I am a big believer in technology like most of you reading this blog post. I’ve personally benefited from the way in which technology can create entirely new relationships online.  The best social media experiences I’ve had are those that lead to actual offline meetups and networking opportunities.

Lets say that you’ve been trading ideas over Twitter or via the blogosphere with a couple of folks over the past year, and finally you get the chance to meet up at a conference for a coffee and exchange ideas/network, etc.  How cool is that?

Of course, making the human interaction happen takes some work (in this scenario).  You have to reach out to the person first.  Assuming they are interested in speaking face to face, you have to make the effort to travel to a conference or be in a city at the same time as the other person.  Real effort is required.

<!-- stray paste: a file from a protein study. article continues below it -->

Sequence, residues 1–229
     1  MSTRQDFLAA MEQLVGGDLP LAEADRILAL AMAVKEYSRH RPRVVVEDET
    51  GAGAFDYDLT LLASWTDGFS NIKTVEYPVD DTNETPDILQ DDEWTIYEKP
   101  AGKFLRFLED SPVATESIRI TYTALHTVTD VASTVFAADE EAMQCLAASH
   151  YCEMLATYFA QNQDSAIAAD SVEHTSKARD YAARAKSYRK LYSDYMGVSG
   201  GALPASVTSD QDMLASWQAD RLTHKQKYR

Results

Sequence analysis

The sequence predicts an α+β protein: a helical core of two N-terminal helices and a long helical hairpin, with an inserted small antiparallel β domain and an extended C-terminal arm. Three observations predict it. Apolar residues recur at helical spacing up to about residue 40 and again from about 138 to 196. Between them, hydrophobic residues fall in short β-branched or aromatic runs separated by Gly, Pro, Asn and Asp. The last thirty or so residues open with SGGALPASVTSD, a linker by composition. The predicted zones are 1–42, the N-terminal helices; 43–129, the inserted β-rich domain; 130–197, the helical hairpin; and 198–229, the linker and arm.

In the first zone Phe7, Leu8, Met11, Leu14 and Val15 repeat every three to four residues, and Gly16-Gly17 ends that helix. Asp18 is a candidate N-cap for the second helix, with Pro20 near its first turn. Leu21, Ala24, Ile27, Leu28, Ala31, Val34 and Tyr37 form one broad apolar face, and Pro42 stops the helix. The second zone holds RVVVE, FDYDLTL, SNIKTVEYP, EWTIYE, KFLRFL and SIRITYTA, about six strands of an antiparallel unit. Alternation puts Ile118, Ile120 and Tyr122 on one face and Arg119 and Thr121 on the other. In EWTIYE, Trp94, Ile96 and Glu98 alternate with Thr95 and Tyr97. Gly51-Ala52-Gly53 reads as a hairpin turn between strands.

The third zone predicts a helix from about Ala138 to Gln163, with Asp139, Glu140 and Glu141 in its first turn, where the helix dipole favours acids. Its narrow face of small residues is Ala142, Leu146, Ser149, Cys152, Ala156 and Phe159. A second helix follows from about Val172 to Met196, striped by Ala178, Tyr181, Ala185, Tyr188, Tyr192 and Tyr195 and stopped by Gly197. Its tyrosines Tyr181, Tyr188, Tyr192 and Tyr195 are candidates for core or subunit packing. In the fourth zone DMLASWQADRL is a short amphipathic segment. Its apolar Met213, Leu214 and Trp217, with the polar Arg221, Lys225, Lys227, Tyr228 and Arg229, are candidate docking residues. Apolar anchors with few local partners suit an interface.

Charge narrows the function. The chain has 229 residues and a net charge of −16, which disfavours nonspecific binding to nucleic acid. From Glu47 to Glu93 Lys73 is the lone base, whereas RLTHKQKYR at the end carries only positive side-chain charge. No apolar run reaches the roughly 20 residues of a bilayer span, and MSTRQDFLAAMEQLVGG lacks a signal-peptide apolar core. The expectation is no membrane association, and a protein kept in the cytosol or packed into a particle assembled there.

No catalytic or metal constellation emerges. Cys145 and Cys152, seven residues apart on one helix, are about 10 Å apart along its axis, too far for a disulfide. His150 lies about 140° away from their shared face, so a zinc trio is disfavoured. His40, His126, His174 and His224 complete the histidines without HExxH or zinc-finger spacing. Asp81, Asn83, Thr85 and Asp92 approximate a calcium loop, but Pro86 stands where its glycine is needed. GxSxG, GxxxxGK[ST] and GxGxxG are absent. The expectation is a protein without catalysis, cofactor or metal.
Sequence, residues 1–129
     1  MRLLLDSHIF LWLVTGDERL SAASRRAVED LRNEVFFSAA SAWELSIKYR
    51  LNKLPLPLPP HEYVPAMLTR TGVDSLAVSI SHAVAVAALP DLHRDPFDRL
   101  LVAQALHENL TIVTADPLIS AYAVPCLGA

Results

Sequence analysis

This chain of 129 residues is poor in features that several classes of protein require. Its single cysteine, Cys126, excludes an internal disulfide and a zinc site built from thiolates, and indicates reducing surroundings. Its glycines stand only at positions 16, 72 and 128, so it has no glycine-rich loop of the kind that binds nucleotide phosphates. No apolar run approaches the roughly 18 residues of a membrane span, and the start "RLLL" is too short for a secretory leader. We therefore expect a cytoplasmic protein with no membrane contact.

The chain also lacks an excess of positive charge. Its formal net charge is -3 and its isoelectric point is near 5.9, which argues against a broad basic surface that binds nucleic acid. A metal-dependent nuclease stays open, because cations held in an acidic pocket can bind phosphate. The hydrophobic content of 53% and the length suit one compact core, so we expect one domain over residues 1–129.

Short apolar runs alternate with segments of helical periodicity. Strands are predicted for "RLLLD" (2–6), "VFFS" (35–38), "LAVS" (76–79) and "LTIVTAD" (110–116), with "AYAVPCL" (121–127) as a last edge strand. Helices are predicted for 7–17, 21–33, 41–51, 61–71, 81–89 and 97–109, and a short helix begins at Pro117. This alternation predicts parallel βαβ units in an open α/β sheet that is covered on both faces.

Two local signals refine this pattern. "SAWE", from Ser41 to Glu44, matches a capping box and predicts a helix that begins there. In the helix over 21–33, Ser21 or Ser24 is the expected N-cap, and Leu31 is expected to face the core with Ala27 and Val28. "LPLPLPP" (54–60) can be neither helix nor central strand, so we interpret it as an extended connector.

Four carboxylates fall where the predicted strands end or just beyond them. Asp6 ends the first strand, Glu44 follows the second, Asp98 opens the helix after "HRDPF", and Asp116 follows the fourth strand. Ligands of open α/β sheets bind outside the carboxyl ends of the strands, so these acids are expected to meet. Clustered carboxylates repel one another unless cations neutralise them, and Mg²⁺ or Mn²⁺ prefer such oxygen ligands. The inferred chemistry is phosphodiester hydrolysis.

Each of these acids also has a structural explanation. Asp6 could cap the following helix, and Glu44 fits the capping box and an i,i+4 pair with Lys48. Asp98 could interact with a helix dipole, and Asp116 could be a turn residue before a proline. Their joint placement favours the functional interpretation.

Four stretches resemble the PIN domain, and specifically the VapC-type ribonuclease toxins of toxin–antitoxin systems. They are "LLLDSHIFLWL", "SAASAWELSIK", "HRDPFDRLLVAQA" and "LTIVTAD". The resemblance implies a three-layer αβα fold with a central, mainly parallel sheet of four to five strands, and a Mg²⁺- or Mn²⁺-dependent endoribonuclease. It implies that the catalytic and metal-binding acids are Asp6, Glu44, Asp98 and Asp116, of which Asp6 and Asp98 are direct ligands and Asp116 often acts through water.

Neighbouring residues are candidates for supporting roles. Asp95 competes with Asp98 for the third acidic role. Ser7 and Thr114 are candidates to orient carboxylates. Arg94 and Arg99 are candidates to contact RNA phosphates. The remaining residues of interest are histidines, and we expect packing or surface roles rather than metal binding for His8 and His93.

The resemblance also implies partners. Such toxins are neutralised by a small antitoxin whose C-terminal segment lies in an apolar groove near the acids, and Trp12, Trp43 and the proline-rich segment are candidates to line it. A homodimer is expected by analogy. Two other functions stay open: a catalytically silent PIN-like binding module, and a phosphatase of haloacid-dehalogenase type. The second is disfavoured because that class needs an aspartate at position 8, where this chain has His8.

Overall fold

Anyway, the paragraphs above highlight the positive side of our hyper connected digital/social age. What does the flip side look like?

Terrible Digital Behavior Leading to Terrible Offline Times?

If we start de-valuing human interaction and continue down the path of anonymous blog comments, video pranks and fragmentary, impersonal communications...we’ll enter “terrible digital times” (some think we are already there).  People will start taking their angry, critical, demeaning online behavior offline–leading to more and more signs like the ones you find all over London nowadays.

Enhancing civil human experiences where possible should be a priority

If we use the web and mobile devices to enhance our human connections, extend our networks and improve our relationships (and not forget basic interpersonal manners) we’ll be doing well. If online services & websites/mobile applications encourage (knowingly or unknowingly) derogatory, demeaning and downright angry discourse then will be moving ourselves 1 step closer to terrible, terrible times.

Photocredit:  Useablewordsblog via Tania